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I'm trying to create a Managed Array of doubles from an array of bytes. I have the problem working currently, but I wanted to optimize. Here's some code that I would like to work:

private unsafe static double[] _Get_Doubles(byte[] _raw_data)
{
    double[] ret;
    fixed (byte* _pd = _raw_data)
    {
        double* _pret = (double*)_pd;
        ret = (double[])*_pret; //FAILURE
    }
}

Please let me know how to cope with these problems.

-Aaron

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In general when dealing with Interop, the Marshaller is your friend, at your service at System.Runtime.InteropServices.Marshal. I don't know though what specifically you need for using arrays. You can, however, access arrays with pointer arithmetic. Maybe this hints you into the right direction. –  OregonGhost Dec 16 '09 at 17:27
    
@daGhost -- I'm certainly aware of accessing arrays with pointers, but I'll have to look into marshalling a managed array. Thanks. –  Limited Atonement Dec 16 '09 at 18:16
    
@Limited Thing (Please don't call me daGhost again): If you can access the array elements with pointers, you can copy the values into a managed array. –  OregonGhost Dec 17 '09 at 9:22
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2 Answers

One of the key things to notice about the code you have posted is that there is no way to know how many items are pointed to by the return value, and a managed array needs to know how big it is. You can return a double* or create a new double[XXX] and copy the values or even (if the count is constant) create a struct with a public fixed double _data[2]; member and cast the raw data to that type.

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That is basically what I wound up doing. I created the double array with a fixed length, then copied my values in there one at a time. It would be nice to, in a C++ way, not allocate the new double array. Yeah, a struct with a double[] and a byte[] set to overlap like the al, ax, and eax registers, but the overhead of creating a struct might be more than what I'm doing...which might make you think, why on earth would you want to be so convoluted in your array-copying? To which I answer ` '. –  Limited Atonement Dec 17 '09 at 16:53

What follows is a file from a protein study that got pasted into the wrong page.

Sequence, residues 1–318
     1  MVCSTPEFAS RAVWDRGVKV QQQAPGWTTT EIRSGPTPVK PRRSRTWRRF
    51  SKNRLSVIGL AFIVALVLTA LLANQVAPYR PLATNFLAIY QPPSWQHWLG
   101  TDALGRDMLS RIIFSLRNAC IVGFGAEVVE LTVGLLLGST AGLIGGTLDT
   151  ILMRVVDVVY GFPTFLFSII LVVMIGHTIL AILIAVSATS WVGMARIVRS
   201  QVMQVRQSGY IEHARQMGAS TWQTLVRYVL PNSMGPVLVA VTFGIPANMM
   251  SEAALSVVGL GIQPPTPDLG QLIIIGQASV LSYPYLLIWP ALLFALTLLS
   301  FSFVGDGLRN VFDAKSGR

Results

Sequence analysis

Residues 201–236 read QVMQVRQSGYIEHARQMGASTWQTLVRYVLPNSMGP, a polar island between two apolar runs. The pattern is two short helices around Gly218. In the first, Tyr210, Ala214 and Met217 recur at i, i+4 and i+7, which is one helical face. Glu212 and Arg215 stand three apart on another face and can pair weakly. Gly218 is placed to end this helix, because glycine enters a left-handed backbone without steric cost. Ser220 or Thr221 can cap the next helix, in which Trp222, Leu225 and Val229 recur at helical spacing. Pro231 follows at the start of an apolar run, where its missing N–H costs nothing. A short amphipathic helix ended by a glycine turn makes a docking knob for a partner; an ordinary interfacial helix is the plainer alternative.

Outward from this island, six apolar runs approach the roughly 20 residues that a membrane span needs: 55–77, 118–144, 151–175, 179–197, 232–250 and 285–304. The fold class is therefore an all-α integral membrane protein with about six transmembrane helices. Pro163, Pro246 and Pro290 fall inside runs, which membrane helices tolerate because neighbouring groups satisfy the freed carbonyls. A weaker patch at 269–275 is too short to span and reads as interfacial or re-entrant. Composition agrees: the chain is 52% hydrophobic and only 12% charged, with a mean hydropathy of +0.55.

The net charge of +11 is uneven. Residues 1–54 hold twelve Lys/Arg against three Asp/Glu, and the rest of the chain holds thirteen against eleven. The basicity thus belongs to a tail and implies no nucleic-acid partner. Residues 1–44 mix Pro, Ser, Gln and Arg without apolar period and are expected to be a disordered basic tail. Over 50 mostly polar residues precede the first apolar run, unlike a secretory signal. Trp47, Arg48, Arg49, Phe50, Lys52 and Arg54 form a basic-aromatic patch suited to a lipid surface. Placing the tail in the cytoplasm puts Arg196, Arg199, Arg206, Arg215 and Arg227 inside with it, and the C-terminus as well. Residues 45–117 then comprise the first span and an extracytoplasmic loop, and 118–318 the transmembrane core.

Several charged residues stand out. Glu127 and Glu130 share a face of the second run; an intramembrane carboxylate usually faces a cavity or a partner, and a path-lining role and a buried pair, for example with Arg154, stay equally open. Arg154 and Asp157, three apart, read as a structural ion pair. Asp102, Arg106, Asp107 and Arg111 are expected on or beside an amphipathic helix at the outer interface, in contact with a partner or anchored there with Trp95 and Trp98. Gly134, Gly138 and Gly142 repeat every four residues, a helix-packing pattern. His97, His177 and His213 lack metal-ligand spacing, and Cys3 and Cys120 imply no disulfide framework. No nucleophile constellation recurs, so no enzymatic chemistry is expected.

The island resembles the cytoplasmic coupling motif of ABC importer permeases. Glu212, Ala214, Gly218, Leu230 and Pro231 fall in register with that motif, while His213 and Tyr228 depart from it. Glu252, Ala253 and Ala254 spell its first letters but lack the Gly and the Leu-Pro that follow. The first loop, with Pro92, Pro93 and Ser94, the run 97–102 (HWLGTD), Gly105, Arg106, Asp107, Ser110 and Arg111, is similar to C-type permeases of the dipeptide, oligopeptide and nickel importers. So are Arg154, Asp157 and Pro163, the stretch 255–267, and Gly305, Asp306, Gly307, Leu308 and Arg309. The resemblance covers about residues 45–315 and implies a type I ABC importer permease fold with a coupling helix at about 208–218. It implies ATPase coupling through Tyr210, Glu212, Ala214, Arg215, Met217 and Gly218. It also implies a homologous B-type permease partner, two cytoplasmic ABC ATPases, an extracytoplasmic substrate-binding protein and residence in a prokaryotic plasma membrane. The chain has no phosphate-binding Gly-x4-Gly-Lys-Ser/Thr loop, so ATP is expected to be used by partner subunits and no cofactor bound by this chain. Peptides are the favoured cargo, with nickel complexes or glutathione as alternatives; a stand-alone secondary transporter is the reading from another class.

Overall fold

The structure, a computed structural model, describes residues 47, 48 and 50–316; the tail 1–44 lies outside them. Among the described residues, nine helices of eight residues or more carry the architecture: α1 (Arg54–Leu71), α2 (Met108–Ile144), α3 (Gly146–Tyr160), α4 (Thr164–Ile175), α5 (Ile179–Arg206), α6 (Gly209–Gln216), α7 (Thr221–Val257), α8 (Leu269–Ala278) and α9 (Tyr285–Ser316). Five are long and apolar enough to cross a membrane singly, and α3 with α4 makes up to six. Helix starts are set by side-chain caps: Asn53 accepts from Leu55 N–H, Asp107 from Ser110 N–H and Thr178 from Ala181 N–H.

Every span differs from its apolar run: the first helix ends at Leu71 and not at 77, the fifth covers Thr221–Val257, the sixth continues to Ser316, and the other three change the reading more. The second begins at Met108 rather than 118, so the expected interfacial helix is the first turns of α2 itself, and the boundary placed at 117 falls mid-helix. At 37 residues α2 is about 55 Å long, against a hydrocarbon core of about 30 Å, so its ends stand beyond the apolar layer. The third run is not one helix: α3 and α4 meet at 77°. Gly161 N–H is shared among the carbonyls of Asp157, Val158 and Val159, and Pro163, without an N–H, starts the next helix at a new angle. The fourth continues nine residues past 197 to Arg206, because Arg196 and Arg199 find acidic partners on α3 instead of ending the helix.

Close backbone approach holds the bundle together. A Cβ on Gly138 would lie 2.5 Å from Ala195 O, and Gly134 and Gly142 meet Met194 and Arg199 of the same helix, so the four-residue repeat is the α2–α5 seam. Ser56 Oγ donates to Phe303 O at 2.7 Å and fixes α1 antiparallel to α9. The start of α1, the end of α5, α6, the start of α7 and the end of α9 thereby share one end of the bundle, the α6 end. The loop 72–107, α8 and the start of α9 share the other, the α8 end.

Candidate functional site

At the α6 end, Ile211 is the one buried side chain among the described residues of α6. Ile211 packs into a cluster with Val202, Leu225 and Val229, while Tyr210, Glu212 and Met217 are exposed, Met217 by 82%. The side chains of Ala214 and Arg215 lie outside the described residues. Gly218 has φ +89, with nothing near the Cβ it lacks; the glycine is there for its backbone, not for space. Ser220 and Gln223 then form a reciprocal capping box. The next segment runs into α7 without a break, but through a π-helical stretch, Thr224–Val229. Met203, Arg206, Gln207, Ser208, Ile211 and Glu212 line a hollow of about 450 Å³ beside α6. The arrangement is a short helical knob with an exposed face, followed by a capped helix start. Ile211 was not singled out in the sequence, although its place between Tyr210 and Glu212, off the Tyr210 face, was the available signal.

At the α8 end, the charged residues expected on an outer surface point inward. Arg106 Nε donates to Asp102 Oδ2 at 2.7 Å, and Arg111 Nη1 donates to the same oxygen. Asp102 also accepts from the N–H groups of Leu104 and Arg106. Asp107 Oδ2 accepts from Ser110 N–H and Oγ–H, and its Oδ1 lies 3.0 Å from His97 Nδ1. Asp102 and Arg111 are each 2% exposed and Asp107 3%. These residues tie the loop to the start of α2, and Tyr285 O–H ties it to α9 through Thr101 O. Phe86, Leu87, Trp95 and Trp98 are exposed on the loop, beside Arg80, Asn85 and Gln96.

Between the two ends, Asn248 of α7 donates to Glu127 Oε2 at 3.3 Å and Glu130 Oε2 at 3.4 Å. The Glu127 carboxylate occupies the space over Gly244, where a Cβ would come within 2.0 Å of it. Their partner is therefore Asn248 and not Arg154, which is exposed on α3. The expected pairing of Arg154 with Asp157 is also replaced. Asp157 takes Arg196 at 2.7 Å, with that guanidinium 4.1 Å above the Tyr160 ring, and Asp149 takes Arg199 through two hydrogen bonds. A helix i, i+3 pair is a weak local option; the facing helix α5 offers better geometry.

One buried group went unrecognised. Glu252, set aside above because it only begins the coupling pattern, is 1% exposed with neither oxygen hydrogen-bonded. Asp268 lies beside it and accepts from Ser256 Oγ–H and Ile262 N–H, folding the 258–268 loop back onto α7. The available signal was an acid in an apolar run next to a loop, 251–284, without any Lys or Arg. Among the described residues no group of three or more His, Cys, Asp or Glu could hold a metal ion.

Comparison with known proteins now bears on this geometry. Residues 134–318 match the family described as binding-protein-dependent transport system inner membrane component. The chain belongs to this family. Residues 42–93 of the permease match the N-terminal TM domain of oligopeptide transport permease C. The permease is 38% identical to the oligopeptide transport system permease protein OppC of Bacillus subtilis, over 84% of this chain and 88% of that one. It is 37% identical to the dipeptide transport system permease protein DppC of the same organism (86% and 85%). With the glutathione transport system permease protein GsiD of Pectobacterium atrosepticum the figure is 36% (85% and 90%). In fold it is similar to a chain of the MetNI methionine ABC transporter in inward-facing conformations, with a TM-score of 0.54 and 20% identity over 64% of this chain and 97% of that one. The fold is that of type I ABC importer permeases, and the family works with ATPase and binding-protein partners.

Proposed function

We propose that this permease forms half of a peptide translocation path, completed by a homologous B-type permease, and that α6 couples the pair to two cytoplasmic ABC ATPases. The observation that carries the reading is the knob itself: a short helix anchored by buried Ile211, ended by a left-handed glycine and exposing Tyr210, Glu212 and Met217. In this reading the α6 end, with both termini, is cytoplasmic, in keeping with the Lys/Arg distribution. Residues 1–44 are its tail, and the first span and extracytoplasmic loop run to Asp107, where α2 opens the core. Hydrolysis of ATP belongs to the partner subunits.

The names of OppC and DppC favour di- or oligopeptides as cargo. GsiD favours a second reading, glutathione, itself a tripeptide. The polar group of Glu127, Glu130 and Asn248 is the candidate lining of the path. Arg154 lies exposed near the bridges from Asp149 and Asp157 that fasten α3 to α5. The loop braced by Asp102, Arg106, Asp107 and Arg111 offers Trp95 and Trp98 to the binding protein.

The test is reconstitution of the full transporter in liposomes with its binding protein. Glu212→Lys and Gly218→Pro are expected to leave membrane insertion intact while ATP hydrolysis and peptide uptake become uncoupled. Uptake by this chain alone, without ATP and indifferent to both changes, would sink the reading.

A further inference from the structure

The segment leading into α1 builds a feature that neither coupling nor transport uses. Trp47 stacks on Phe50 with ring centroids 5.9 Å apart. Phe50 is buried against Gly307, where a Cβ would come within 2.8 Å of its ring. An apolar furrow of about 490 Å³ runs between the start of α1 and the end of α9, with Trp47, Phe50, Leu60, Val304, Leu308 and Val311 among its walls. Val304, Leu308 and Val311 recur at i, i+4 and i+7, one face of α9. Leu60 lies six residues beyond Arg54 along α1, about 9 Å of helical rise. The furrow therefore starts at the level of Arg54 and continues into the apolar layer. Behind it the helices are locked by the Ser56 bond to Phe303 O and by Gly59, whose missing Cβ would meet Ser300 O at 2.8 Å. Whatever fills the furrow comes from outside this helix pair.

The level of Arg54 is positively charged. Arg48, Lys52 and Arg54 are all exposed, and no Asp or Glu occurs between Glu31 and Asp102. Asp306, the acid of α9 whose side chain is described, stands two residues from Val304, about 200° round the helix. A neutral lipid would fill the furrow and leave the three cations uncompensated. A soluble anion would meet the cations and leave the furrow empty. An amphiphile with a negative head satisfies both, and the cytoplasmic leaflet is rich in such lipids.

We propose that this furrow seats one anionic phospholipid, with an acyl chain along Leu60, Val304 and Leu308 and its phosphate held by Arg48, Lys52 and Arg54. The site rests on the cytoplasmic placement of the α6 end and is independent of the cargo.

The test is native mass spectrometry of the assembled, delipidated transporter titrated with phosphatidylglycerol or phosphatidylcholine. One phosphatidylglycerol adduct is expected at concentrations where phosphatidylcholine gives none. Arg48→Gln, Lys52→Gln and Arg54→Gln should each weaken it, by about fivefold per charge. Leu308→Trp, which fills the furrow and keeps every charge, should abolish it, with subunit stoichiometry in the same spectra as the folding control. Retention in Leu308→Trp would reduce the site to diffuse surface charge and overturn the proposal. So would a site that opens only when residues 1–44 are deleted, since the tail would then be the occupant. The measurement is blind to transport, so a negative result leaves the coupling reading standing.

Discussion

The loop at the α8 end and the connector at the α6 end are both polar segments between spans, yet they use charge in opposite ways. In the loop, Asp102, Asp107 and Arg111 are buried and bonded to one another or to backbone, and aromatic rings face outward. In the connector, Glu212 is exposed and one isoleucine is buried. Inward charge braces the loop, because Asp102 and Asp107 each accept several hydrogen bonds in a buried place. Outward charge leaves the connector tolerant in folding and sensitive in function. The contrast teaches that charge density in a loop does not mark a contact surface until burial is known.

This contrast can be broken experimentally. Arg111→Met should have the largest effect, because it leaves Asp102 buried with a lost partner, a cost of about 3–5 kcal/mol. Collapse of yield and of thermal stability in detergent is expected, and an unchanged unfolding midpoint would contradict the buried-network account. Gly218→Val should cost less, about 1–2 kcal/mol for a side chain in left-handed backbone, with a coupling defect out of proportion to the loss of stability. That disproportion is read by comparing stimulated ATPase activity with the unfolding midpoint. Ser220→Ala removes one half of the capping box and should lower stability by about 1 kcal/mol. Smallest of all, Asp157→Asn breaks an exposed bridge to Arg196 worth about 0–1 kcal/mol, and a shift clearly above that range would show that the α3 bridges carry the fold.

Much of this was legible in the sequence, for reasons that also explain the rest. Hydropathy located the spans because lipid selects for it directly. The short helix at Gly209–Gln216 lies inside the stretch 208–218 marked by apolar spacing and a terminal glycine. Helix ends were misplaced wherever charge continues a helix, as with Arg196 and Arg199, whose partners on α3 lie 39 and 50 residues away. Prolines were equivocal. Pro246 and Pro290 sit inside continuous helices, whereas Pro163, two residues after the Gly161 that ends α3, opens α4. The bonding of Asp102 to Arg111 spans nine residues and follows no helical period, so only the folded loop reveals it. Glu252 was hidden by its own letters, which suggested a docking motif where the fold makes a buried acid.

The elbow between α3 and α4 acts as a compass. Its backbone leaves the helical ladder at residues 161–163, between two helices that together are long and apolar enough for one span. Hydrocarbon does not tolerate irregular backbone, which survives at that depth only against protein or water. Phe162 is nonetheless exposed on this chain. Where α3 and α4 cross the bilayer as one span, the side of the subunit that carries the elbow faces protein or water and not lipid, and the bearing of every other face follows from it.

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up vote 1 down vote accepted

Just now, I thought that stackalloc would be the right way, but it fails. Most importantly, I now know that it was doomed to fail. There is no way to do what I want to do.

This can be seen by restating the question:

How can I create a managed array around an 'unsafe' array?

Since a managed array has header information (because it's a class around a chuck of memory), it requires more space in memory than the array itself. So, the answer is:

Allocate space before (and/or after? depending on the way managed arrays are stored in memory) the array itself and put the managed information (length, (et cetera)) around the 'unsafe' array.

This is not easily possible because to guarantee that there is data enough around the array is shaky at best. In my particular example there may be enough space for it because a managed byte[] is passed in meaning that there is data around the array, but to assert that the same data is appropriate for managed double[] is dubious at best, but most likely erroneous, and to change the data to make it appropriate for managed double[] is nefarious.

[EDIT]

It looks like Marshal.Copy is the way to go here. Create a new array and let Marshal copy them (hoping that he will be quicker than me, or that perhaps at some later date, he will be quicker):

var ret = new double[_raw_data.Length / sizeof(double)];
System.Runtime.InteropServices.Marshal.Copy(new System.IntPtr(_pret), ret, 0, ret.Length);
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